Edmonton’s municipal processes for new construction are the most streamlined in Canada, while those in Toronto are the worst, according to CHBA’s 2022 Municipal Benchmarking Study. “The City of Edmonton is focusing on doing better in all of these areas and that’s where we need all municipalities to be,” Kevin Lee, CEO of the CHBA, told RENX. “Municipalities in the GTA really fare quite poorly, especially in approval timelines and government charges,” Lee said, adding taxes and development charges have risen an average of 700 per cent Canada-wide over the past 20 years. “Since our last study in 2020, we’ve seen government charges go up 25 per cent on low-rise and 29 per cent on high-rise construction. If you look at Toronto, the average government charges are up to $189,000 per unit.” He credits Toronto for having good planning features and an efficient electronic system, as well as making information pertaining to the planning processes easily available. “But being able to execute and get it through approval systems — and we’ve already talked about the exorbitantly high charges builders pay — that’s where it comes apart,” Lee said. He recommends as-of-right zoning as one way to shorten timelines, and noted that, irrespective of whether an application is for a small or tall building with more units, wait times are the same and much too long.
Commentary: CHBA’s 2022 Municipal Benchmarking Study examines how local development processes, approvals, and charges affect housing affordability and housing supply in major markets across Canada. This report is intended to support the important conversation with all levels of government, but particularly with municipal governments, on the efficient delivery of much needed new housing supply, including the impact that inefficiencies and taxes have on housing affordability, which is already a major challenge across the country. As CHBA CEO Kevin Lee states in the article, cities that didn’t fare so well in the 2022 rankings can see where other municipalities have ranked better and adopt some of those planning features. To read more on the report's findings, please visit chba.ca/MunicipalBenchmarking.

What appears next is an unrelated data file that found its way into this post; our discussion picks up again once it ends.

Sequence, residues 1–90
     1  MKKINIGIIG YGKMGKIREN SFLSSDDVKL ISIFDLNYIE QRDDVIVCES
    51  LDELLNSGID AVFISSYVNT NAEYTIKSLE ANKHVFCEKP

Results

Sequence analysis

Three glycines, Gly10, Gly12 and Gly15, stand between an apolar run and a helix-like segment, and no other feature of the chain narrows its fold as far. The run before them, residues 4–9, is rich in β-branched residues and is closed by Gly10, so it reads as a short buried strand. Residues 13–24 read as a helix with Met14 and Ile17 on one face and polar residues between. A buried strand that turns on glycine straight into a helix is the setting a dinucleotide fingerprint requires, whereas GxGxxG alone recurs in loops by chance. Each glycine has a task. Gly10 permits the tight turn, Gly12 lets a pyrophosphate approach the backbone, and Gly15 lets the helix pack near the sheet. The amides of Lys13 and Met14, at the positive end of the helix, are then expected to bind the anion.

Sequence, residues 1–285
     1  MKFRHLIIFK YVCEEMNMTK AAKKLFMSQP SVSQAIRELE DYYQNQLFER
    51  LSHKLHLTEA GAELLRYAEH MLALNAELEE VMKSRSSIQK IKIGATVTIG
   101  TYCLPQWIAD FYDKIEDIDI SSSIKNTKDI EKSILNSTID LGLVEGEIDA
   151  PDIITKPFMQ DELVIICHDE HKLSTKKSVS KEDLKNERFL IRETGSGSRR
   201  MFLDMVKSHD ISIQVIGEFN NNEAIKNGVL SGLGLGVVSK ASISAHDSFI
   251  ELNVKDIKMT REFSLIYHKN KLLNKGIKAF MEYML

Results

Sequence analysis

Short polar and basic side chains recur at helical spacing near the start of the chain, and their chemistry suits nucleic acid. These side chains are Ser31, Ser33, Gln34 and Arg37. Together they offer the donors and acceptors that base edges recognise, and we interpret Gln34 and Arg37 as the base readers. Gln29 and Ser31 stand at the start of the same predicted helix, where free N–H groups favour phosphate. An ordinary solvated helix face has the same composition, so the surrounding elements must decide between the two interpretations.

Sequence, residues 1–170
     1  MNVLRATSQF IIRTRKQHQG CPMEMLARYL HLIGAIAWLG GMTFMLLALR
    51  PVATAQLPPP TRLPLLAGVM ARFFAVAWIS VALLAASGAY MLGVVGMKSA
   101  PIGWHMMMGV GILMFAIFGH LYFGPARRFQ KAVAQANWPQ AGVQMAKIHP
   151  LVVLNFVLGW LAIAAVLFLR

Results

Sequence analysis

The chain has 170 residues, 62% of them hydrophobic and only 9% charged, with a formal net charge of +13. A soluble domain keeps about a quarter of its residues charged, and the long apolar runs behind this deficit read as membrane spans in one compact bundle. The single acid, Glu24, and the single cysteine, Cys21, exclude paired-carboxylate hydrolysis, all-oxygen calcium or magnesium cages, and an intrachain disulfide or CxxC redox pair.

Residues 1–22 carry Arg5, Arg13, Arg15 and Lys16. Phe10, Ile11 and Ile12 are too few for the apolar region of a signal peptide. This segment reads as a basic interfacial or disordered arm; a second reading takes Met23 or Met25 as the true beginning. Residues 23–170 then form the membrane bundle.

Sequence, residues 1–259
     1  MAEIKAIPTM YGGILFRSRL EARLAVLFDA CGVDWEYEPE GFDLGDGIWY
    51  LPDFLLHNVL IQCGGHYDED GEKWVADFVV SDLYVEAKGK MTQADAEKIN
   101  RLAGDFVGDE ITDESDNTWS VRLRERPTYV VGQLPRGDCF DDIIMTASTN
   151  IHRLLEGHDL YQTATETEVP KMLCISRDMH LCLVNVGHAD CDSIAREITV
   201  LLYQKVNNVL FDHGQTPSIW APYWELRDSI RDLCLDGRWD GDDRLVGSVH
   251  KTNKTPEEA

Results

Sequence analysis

The British Columbia government is creating a single hub for developers to get provincial approval for their projects in another step to tackle the housing shortage. Premier David Eby said that homebuilding authorizations in B.C. can require multiple provincial permit applications across separate ministries, each with different processes that can sometimes take up to two years for approval. He said the new strategy will streamline the process by creating a single, coordinated approach with the goal of cutting down the approval process to a few months. "Given our current situation, we cannot afford unnecessary delays that prevent new homes [that are] desperately needed from breaking ground,'' said Housing Minister Ravi Kahlon. He said about five per cent of the 21,000 permits currently in the provincial system are related to housing. "The new permanent strategy for housing is going to prioritize housing projects so we can get the housing we need built faster." Neil Moody, CEO for CHBA B.C., said the changes will address long-standing challenges to the industry posed by a complex provincial approval process. […]